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Depressive Symptoms and Vegetarian Diets: Results from the Constances Cohort

Faculté de Médecine, Sorbonne Paris Cité, Université Paris Descartes, 75006 Paris, France
AP-HP, Hôpitaux Universitaires Paris Ouest, Service de Psychiatrie de l’adulte et du sujet âgé, 75015 Paris, France
Inserm, U894, Centre Psychiatrie et Neurosciences, 75014 Paris, France
AP-HP, Nutrition Department, Georges Pompidou european Hospital, Centre Spécialisé Obésité IdF, 75015 Paris, France
Inserm, UMR 1153 Epidemiology and Biostatistics Sorbonne Paris Cité Centre (CRESS), METHODS Team, 75004 Paris, France
Inserm (U1153), Inra, Cnam, University of Paris 5, 7 & 13, 75006 Paris, France
Inserm, Population-based Epidemiological Cohorts Unit, UMS 011, 94800 Villejuif, France
Author to whom correspondence should be addressed.
Nutrients 2018, 10(11), 1695;
Received: 9 October 2018 / Revised: 27 October 2018 / Accepted: 29 October 2018 / Published: 6 November 2018
(This article belongs to the Special Issue Diet and Mental Health)
The association between depressive symptoms and vegetarian diets is controversial. This study examines the cross-sectional association between depressive symptoms and vegetarian diets while controlling for potential confounders. Among 90,380 subjects from the population-based Constances cohort, depressive symptoms were defined by a score ≥19 on the Centre of Epidemiologic Studies-Depression (CES-D) scale and diet types (omnivorous, pesco-vegetarian, lacto-ovo-vegetarian and vegan) were determined with a food frequency questionnaire. Associations between depressive symptoms and diet were estimated through logistic regressions adjusting for socio-demographics, other foods, alcohol and tobacco consumption, physical activity and health-related concerns; specificity analyses considered the exclusion of any other food group. Depressive symptoms were associated with pesco-vegetarian and lacto-ovo-vegetarian diets in multivariable analyses (Odds-Ratio [95% confidence interval]: 1.43 [1.19–1.72] and 1.36 [1.09–1.70], respectively), especially in case of low legumes intake (p for interaction < 0.0001), as well as with the exclusion of any food group (e.g., 1.37 [1.24–1.52], 1.40 [1.31–1.50], 1.71 [1.49–1.97] for meat, fish and vegetables exclusion, respectively). Regardless of food type, the Odds-Ratio of depressive symptoms gradually increased with the number of excluded food groups (p for trend < 0.0001). Depressive symptoms are associated with the exclusion of any food group from the diet, including but not restricted to animal products. View Full-Text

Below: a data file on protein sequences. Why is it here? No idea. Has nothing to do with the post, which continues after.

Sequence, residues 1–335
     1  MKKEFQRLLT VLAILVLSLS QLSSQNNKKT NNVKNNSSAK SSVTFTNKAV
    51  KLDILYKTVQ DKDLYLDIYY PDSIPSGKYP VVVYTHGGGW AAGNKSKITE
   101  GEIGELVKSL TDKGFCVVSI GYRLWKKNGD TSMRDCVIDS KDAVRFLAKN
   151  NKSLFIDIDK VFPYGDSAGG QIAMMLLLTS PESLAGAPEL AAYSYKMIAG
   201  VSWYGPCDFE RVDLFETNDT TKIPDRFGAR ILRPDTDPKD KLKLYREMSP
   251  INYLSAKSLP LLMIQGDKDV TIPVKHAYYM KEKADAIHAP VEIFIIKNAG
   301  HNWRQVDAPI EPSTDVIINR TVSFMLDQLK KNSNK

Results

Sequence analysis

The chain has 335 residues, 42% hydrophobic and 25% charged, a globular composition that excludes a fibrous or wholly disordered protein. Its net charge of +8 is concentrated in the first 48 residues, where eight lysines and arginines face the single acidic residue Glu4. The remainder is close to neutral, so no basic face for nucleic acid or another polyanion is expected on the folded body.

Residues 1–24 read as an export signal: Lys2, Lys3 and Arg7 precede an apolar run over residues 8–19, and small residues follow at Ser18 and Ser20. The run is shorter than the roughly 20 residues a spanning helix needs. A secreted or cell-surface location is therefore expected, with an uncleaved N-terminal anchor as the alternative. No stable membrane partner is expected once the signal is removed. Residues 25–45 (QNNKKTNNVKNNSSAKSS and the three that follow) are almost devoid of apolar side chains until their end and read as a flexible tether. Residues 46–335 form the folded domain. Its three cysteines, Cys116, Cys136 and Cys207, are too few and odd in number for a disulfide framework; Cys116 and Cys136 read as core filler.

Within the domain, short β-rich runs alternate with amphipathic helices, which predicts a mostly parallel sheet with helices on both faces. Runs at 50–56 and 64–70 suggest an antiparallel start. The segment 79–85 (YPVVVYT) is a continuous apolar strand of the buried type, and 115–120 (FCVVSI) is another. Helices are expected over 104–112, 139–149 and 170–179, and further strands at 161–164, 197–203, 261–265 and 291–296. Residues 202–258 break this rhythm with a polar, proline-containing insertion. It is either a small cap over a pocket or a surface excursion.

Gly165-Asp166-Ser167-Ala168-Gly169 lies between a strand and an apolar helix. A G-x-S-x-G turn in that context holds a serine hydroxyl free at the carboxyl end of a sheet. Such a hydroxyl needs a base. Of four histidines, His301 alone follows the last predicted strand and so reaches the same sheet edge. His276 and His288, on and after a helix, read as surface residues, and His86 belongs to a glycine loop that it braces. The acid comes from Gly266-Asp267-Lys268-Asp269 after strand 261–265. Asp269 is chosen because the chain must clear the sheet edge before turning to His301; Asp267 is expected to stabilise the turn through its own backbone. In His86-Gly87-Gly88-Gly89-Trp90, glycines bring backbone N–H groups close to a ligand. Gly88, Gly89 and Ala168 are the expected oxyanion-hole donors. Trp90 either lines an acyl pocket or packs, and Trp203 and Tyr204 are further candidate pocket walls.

Keywords: depressive symptoms; vegetarian diet; chronic disease depressive symptoms; vegetarian diet; chronic disease
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Matta, J.; Czernichow, S.; Kesse-Guyot, E.; Hoertel, N.; Limosin, F.; Goldberg, M.; Zins, M.; Lemogne, C. Depressive Symptoms and Vegetarian Diets: Results from the Constances Cohort. Nutrients 2018, 10, 1695.

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